The author, Deepika Khatri, is the Strategy and Advocacy Coordinator at Aangan, an Indian non-profit that works with children in dangerous situations like child trafficking, child marriage, hazardous work, and violence and abuse, to prevent and protect them from harm.

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It Takes a Village

Last month marked 28 years since my mother died. I was 17, she 43. I am now older than she was when she died, a befuddling thought for some reason.

My childhood had seen its fair share of turbulence and my mother had always been my safe harbor. Needless to say, when she died, the bottom fell out of my world. For about ten years after, the anniversary of her death was unbearable to me. I would spend months dreading it and waiting for it to pass. Then time did that thing it does, and for many years now my ritual has been to spend the day of her death in some sort of mindful reflection. She was that sort of mother, encouraging of reflection, so it’s fitting.

On the anniversary of her death this last December, this is what I thought about.

I thought about the day she died and the months (years) after. I thought about how scared I was, how desperately sad and angry, and how meaningless and unfair life had seemed to me. Some days I felt destructive. Some days I felt hopeless. Many days I didn’t feel at all.

And then in my mind’s eye I saw the army of people – my aunts and uncles, my grandparents, extended family and friends – who miraculously appeared around me, then and ever after, with their outstretched arms, their love, their understanding, their unfailing support. As I flailed and raged and retreated and emerged, went up and down and all around and did all the things that hurting young people do, they stood there, unflinching, that army of my supporters.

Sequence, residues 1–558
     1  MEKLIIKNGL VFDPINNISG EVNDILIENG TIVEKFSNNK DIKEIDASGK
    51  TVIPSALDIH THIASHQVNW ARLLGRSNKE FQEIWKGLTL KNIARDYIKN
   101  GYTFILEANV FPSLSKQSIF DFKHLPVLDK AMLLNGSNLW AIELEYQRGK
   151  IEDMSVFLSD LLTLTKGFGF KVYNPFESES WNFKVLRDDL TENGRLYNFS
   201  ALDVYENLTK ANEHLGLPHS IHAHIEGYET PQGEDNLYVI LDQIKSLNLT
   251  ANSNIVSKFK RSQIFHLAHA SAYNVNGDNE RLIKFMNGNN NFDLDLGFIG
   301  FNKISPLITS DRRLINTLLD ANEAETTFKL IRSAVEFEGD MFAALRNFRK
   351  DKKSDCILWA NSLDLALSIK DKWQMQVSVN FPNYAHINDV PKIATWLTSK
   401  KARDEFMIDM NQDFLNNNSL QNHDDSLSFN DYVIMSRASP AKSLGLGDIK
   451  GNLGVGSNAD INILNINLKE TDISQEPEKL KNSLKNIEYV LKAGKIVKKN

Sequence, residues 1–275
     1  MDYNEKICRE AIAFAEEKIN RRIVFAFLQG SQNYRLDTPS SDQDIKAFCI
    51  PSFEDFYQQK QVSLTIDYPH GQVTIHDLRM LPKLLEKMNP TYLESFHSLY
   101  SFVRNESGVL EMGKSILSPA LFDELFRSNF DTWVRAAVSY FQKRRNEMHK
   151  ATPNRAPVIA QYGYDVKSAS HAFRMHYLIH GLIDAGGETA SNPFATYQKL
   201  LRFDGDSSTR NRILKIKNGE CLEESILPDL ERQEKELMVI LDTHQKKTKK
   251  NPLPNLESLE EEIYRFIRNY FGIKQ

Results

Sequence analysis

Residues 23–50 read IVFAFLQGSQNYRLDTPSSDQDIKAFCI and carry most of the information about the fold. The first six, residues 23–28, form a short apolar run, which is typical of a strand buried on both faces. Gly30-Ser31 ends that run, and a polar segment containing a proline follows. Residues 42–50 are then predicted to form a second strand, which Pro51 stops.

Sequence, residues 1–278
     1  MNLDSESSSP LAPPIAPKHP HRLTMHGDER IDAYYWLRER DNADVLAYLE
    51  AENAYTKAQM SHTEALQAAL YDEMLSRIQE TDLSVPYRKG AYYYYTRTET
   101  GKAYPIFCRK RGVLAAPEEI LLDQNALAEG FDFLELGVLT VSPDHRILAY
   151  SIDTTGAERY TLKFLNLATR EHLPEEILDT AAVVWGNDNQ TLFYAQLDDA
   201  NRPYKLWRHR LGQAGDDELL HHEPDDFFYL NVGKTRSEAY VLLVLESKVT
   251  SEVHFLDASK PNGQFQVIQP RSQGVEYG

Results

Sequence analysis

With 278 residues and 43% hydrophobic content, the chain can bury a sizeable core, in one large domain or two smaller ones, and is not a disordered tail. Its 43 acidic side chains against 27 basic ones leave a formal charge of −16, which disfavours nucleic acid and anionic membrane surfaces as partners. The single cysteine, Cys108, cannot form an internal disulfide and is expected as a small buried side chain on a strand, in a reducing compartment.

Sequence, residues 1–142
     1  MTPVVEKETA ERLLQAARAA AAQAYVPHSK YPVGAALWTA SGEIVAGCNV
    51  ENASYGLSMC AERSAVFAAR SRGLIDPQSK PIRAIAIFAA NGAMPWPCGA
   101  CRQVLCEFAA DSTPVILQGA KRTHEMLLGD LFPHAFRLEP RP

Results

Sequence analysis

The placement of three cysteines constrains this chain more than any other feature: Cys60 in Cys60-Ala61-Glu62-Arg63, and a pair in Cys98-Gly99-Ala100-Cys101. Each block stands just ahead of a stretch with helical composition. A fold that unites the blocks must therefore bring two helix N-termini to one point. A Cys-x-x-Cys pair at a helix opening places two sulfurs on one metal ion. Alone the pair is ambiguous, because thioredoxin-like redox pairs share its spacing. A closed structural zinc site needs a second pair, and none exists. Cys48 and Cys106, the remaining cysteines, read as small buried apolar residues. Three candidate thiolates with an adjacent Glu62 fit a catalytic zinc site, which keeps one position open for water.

I thought about what would have happened to me – with all that rage and pain trapped in that me who was yet to become a full person – if I had been left to figure it all out on my own. If all those people had not stood up and held me when my world fell apart.

In my late 20s I worked in the criminal justice system in California writing the social histories of people accused of committing crimes. I had to hear about and write about the lives of desperate people who did desperate things. In and out of the prisons I would go meeting people who had difficult life experiences that oftentimes led to the recklessness that brought them finally to prison. There was much I learnt about life and myself. Most significantly I learnt how easy it is for a person’s life to get completely derailed. And what a profound difference it makes to one’s experience of life and its vicissitudes (and one’s ability to cope, to endure, to overcome), if at an early enough age one has had the assurance of safety, and of having grown up people – the people in charge – stop in their tracks to listen, to care and to protect. And so every time I walked out of a prison and heard the door clanging shut behind me I would silently mutter a prayer of thanks to the universe for giving me the people it did when I was young and falling to pieces. ‘There,’ I would say to myself, ‘but for the grace of my people, might have been I.’

That’s what every kid needs, no? The security that comes from knowing that there are adults in the world who will go to bat for them? Sometimes parents can’t be there, or can’t be that. Horrible life stuff happens to them and willy-nilly they hurt or abandon or neglect or otherwise fail their children. That’s when some other adult has got to step up to the plate.

But in this day and age as families and communities break up, and people have to migrate and relocate and run helter-skelter in search of livelihood, sustenance, opportunities, leaving behind extended family and support systems, who can those adults be?

To answer that, came this goose-bump giving experience: